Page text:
It's a jungle out there
Christopher Atamian -- Interior Design, 4/1/2003 12:00:00 AM
When Marithé and François Girbaud decided to open a store in Paris two years ago, the designer couple brought in Agence Mobile, who created a cocoonlike retail space by curving the walls and ceiling with stretch PVC. Collaborating with 1100 Architect on the Girbaud flagship shop in New York, Agence Mobile went one step further: from organic metaphor to organic reality. Principal architect Kristian Gavoille defined the 2,260-square-foot space with natural materials reflecting the experimental and environmentally minded philosophy behind the brand.
The SoHo store, which carries Girbaud's Sporcity couture line, is at once sleek and playful. Working within a single level of a cast-iron building, Gavoille skillfully divided the space into three zones. A light-purple resin ramp, inlaid with silver-painted metal leaves, leads down to the men's collection on the left, where clothing is displayed in stainless-steel frames with translucent resin-based shelving. A cash-wrap desk and display table, both veneered in bleached oak, and a lacquered armoire exhibit the rounded, soft shapes found in nature. Beyond is the larger women's selling floor, where clothing hangs in more stainless-steel frames.
In both the men's and women's areas, white PVC stretches across walls and ceiling in an angular fashion. "Its broken lines resemble cracked eggshell." Gavoille says. Fluorescent recessed light fixtures in the ceiling—which ranges in height from 10 to 15 feet—provide illumination. Six triangular dressing rooms are enclosed by mirrored panels that reflect merchandise as well as the bustle outside.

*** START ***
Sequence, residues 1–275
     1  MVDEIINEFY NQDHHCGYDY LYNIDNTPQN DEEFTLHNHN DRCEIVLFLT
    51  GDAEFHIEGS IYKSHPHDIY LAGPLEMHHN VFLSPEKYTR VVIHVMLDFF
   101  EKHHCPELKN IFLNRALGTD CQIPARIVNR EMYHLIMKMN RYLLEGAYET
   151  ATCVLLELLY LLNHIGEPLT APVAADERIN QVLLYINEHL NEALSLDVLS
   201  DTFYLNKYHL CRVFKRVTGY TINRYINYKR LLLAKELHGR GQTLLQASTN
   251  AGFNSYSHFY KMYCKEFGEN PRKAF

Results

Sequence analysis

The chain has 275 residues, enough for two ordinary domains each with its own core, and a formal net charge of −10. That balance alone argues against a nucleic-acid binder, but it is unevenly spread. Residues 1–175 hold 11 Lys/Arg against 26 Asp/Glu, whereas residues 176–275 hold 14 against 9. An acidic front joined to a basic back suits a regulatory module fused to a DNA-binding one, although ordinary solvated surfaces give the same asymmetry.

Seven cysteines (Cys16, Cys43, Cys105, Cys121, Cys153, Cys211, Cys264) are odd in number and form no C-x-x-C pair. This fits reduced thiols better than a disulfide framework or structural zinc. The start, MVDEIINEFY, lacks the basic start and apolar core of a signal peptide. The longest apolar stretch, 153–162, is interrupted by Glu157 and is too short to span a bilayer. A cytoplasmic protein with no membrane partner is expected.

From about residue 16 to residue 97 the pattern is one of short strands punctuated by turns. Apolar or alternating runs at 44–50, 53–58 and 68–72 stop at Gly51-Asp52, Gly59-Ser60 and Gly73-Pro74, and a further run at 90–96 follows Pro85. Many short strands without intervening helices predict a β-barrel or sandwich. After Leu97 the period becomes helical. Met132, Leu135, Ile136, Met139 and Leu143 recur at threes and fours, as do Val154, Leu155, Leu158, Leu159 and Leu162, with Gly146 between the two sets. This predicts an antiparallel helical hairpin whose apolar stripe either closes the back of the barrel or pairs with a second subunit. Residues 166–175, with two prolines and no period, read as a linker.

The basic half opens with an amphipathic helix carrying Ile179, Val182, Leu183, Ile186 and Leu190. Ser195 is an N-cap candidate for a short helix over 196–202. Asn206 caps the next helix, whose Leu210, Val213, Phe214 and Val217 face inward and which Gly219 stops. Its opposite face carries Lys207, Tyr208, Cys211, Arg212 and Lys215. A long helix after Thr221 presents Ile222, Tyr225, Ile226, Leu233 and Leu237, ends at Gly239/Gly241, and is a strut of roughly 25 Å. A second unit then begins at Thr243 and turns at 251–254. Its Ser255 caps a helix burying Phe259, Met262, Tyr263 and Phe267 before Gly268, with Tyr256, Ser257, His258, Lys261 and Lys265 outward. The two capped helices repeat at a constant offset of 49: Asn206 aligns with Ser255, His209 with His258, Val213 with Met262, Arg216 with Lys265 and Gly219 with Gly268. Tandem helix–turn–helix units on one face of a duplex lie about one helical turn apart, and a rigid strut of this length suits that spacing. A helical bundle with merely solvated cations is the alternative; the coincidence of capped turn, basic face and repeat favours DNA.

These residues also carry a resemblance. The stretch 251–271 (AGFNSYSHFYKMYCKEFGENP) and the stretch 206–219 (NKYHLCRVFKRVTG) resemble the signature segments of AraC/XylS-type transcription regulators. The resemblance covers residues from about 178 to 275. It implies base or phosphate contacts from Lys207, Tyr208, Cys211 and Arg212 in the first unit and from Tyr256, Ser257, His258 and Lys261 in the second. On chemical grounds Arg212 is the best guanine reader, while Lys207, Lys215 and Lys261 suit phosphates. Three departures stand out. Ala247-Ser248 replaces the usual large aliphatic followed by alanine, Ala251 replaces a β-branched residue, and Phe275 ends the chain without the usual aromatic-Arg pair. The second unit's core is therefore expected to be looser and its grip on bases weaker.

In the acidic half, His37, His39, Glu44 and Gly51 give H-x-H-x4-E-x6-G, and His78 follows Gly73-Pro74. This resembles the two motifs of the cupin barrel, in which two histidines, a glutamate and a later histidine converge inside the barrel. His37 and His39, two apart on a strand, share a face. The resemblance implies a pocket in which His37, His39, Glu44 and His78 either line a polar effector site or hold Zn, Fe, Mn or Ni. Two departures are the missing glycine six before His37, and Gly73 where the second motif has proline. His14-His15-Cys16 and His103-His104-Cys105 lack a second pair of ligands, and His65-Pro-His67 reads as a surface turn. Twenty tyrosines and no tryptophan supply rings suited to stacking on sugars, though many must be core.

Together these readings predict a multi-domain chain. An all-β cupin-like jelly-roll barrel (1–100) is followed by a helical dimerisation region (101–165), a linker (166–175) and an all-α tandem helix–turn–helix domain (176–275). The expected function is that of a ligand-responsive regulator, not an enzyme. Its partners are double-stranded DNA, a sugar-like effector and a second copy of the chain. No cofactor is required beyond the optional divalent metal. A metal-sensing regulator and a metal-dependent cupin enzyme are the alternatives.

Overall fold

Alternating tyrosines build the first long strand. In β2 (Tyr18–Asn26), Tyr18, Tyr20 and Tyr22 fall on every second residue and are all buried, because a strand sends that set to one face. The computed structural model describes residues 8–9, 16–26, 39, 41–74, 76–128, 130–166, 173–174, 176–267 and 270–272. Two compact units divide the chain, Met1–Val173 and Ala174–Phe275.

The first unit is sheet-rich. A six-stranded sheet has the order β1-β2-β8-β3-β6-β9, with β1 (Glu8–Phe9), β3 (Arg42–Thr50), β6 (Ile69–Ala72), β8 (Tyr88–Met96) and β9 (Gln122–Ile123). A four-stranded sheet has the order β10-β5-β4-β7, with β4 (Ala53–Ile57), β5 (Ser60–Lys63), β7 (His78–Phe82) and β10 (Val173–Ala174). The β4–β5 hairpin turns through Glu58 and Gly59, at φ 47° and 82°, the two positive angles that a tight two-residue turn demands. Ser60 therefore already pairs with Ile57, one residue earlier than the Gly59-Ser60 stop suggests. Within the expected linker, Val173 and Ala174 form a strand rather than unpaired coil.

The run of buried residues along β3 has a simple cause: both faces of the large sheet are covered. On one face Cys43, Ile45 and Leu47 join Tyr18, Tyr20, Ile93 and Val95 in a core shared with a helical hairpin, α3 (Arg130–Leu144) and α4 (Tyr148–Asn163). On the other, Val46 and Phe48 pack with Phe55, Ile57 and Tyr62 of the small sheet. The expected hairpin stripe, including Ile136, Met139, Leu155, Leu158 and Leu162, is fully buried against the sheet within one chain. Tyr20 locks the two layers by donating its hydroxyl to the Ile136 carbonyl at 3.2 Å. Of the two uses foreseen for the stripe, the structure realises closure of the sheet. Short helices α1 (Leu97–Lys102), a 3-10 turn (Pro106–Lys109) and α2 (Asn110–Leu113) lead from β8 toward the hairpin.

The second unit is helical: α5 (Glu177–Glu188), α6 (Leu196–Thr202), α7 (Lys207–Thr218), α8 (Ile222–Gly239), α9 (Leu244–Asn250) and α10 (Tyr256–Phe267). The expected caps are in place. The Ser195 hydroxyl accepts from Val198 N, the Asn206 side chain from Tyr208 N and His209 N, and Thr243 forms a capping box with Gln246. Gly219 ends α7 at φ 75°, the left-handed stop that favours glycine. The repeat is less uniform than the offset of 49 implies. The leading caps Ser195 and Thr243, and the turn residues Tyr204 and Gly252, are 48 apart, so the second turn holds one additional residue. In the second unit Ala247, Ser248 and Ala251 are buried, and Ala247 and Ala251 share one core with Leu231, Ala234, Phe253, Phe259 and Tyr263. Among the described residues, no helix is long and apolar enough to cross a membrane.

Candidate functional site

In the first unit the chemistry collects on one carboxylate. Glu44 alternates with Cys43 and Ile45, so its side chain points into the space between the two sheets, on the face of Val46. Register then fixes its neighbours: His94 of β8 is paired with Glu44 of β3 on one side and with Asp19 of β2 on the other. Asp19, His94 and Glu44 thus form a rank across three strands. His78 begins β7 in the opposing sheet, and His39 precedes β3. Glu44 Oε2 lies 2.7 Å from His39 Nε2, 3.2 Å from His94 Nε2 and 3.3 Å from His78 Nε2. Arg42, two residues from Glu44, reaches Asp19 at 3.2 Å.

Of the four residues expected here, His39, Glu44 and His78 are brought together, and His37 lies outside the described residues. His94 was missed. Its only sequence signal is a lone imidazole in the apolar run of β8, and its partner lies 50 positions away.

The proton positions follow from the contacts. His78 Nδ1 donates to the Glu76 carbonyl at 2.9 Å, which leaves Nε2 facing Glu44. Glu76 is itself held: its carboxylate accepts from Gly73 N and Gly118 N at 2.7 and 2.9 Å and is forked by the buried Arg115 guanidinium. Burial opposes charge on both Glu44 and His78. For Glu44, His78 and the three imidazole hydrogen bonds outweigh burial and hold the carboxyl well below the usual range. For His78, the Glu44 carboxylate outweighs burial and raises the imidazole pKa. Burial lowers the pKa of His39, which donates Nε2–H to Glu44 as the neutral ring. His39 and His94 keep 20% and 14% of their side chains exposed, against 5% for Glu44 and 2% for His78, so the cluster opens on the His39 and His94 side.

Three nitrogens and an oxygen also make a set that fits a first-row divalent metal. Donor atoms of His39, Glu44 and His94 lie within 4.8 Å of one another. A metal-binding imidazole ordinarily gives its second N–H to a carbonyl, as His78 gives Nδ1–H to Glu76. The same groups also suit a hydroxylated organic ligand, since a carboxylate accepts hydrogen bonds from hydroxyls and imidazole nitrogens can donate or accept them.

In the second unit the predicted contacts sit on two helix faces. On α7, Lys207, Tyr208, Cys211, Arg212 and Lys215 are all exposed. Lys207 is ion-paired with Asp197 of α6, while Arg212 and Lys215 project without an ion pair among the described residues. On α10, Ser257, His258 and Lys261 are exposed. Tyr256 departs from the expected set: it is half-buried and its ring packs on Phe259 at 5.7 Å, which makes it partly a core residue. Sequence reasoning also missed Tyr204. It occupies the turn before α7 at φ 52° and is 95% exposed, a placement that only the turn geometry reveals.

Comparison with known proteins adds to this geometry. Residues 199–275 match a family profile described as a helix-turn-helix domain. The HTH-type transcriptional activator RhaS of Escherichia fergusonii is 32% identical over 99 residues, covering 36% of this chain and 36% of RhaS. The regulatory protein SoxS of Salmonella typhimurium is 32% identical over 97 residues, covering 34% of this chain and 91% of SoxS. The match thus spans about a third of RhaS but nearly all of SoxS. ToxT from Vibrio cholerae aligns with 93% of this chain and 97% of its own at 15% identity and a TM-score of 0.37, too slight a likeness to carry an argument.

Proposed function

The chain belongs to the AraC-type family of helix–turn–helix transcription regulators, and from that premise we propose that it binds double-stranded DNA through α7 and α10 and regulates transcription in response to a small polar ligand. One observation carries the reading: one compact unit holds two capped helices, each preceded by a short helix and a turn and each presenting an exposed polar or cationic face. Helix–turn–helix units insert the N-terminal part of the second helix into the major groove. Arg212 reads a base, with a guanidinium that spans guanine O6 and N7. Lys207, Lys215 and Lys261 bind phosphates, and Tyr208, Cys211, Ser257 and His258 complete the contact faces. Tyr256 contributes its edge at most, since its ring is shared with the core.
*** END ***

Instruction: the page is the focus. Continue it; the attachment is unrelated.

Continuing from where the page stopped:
Toward the rear, slab flooring of red Oregon slate—an allusion to the store's American location—leads to the project's centerpiece. A 17- foot-high, 17-foot-wide vertical garden designed by Patrick Blanc, a researcher at the prestigious Centre National de la Recherche Scientifique in Paris, this urban jungle comprises more than 250 species of tropical plants. They grow along a structure board made of PVC and nonbiodegradable felt and receive necessary water and nutrients through ingeniously hidden tubes.
The garden concept deftly reveals the company's fascination with and use of innovative shapes and textiles. Says Gavoile, "It represents both sides of Marithé and François—their very down-to-earth side, interested in concrete solutions and materials, as well as their dreamer side and their hopes for an end to conflict between nature and technology." On a more practical note, the garden wall also demarcates the area dedicated to displaying Girbaud's own line of Natural shoes.